ABEKNANT. DEATH OF MR THOMAS DAVIES, POSTY-I-CHAF.— It is our painful duty tt-is week to record the death of Mr Thomas Daviea, PcBty-uchaf. Mr Davies was only 37 years of pge his iife, however, like that of many men who gai!i the respect and love of those with whom they come in contact, mas: not be measure! by years but by d eis. His purse, his time, and his skill weio always at the di<pos,a! of any of his neighbours whose necessity cLilllcd them. On Monday list he was hitticd at Abernant. The Rev A. Britton, vicar of Mydlim, officiated at the house. The icvere id gentleman's address was grandly conceived aId delivered with gnch fervour and sympathy, that his hearers were visibly affected. The Key J. Morga", vicar of Abern in^ conducted thef-er. c 's fit the church and st Ih. grav i !e with imprtasiTe d'grnty. The de c-ised leaves a widiw w ani two young children to raourr. ti e r loes. The popular Talog rcerehant—Mr John Thomas-who p ovid d e er) thing for t i i well-appointed funeral carried out his duties with bis usual efficiency. The wel'-tinished oakea eoiilu was made by Mr Dand Davies, Trallwu.
Unnarfclieii County Police Court. SATURDAY.—Before Mr C. W. Jones, Carmarthen (in the chair); Mr I>udley Williams-Drummond, Portiscliff; and the Rev R. G. Lawrence, Middleton Hall.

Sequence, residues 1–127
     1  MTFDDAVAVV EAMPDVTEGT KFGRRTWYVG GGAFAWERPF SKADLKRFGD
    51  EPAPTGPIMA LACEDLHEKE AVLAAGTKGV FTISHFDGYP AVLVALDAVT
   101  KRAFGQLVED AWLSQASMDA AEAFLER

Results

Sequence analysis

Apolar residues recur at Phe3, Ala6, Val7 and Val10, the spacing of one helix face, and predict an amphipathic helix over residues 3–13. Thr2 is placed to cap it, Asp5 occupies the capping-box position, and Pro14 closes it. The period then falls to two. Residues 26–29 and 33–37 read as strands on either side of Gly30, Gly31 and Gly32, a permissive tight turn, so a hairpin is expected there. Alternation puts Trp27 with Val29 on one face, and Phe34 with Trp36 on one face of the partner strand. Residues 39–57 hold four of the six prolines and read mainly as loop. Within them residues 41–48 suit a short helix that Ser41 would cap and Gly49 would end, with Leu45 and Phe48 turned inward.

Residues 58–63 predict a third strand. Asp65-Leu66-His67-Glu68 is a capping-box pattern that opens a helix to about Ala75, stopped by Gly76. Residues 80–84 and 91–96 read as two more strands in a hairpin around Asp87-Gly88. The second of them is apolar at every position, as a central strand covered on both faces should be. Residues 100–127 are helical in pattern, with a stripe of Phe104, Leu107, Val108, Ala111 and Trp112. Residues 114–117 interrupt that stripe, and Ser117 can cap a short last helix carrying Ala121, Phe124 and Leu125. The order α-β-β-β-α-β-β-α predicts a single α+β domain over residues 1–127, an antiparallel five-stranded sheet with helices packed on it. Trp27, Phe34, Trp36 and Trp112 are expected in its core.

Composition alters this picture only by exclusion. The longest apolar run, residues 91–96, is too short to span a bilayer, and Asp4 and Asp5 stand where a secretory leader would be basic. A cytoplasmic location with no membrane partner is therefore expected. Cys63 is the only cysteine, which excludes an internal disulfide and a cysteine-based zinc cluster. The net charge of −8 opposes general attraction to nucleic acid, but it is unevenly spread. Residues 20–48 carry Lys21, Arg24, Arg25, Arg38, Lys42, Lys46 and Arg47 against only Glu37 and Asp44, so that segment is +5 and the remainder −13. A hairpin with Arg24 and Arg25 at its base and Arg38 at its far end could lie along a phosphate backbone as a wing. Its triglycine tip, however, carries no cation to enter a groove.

A VIOLENT BEGGAR. Thomas White, a tramp, was charged with begging and with assault. John Thontas, Gilfachyrhew, Abergwili, said that on the previous day the defendant came into his houe-e and asked for money. Defendant said he wanted to get a penny. Witness said he would give him some bread and cheese. Defendant then raised his haud to strike; witness told him to move on. Dei endant said, he was bound to have some- thing, or he would cut tho witness's throat. He struck witness on the face witness struck him back, and a general fight ensued. Defendant then went to the gate of the yard and said he would wait. Thomas Thomas, Tygwyn, was there along with witness both had sticks. Mr Evans, Gilfach, Abergwili, said the defendant came to his house the same night at 7 p.m., and asked for lodgings twice. Witness refused to have him. Gilfach was about a mile from Gilfachyrhew. Defen- dant asked for water, which he had. He then said, I hope the Lord will take your soul to hell to-night." r.8. Thomas spoke to finding the defen- dant in a hay loft at Tanerdy, Abergwili, at midnight. On being charged defendant said, I did not beg, but I had a row with them. I was the worse for liquor; I suppose tho liquor was the cause of it all." There was a small iump on defendant's head. Defendant said ho had boen working at Penlan, Merthyr, and came to Gilfachyrhew to look for work. He did not beg at all, but when he spoke to them, the two men set on him with sticks. The Bench dismissed the charge of begging, but committed the defendant for 14 days for tho assault,